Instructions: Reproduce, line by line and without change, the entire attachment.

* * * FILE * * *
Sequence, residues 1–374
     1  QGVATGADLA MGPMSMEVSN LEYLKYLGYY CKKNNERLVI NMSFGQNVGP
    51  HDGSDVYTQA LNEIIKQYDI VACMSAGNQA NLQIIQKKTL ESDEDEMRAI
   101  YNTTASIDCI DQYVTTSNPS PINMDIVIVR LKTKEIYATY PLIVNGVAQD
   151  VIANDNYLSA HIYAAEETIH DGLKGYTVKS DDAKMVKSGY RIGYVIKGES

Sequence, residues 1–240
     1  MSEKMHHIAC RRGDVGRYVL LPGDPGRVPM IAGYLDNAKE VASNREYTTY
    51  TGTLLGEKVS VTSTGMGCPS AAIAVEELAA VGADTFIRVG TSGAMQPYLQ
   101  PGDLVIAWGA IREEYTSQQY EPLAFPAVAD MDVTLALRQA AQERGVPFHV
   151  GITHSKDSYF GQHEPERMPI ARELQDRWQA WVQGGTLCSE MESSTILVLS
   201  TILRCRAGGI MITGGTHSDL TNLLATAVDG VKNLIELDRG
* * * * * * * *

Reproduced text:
Sequence, residues 1–374
     1  QGVATGADLA MGPMSMEVSN LEYLKYLGYY CKKNNERLVI NMSFGQNVGP
    51  HDGSDVYTQA LNEIIKQYDI VACMSAGNQA NLQIIQKKTL ESDEDEMRAI
   101  YNTTASIDCI DQYVTTSNPS PINMDIVIVR LKTKEIYATY PLIVNGVAQD
   151  VIANDNYLSA HIYAAEETIH DGLKGYTVKS DDAKMVKSGY RIGYVIKGES

Sequence, residues 1–240
     1  MSEKMHHIAC RRGDVGRYVL LPGDPGRVPM IAGYLDNAKE VASNREYTTY
    51  TGTLLGEKVS VTSTGMGCPS AAIAVEELAA VGADTFIRVG TSGAMQPYLQ
   101  PGDLVIAWGA IREEYTSQQY EPLAFPAVAD MDVTLALRQA AQERGVPFHV
   151  GITHSKDSYF GQHEPERMPI ARELQDRWQA WVQGGTLCSE MESSTILVLS
   201  TILRCRAGGI MITGGTHSDL TNLLATAVDG VKNLIELDRG